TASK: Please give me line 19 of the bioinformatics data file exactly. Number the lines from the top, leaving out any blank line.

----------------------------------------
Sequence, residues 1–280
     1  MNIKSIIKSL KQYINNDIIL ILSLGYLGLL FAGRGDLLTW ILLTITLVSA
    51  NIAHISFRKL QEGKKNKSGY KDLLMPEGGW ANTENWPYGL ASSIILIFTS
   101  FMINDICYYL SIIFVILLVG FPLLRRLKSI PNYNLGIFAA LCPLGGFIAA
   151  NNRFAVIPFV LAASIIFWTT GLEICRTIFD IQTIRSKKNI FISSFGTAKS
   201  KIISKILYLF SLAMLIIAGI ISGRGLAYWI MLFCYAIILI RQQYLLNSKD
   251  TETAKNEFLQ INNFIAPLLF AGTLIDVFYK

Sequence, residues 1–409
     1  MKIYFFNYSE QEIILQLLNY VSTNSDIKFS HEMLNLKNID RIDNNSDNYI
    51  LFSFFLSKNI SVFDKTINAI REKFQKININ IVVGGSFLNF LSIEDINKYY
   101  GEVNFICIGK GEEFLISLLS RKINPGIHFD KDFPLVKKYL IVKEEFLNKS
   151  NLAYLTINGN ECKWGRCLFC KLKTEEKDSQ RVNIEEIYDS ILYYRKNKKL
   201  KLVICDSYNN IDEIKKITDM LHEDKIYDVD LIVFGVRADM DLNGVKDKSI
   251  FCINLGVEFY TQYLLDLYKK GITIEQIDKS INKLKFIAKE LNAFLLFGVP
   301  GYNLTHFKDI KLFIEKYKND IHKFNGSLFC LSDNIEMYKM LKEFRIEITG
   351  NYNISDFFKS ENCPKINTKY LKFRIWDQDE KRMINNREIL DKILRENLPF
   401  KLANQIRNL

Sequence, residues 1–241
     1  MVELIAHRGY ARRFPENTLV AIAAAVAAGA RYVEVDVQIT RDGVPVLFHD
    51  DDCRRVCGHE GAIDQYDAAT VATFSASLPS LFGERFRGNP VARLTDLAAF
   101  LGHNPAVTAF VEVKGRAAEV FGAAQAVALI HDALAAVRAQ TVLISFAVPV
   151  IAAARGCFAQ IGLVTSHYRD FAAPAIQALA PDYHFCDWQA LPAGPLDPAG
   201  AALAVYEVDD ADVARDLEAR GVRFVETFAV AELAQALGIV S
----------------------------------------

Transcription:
     1  MVELIAHRGY ARRFPENTLV AIAAAVAAGA RYVEVDVQIT RDGVPVLFHD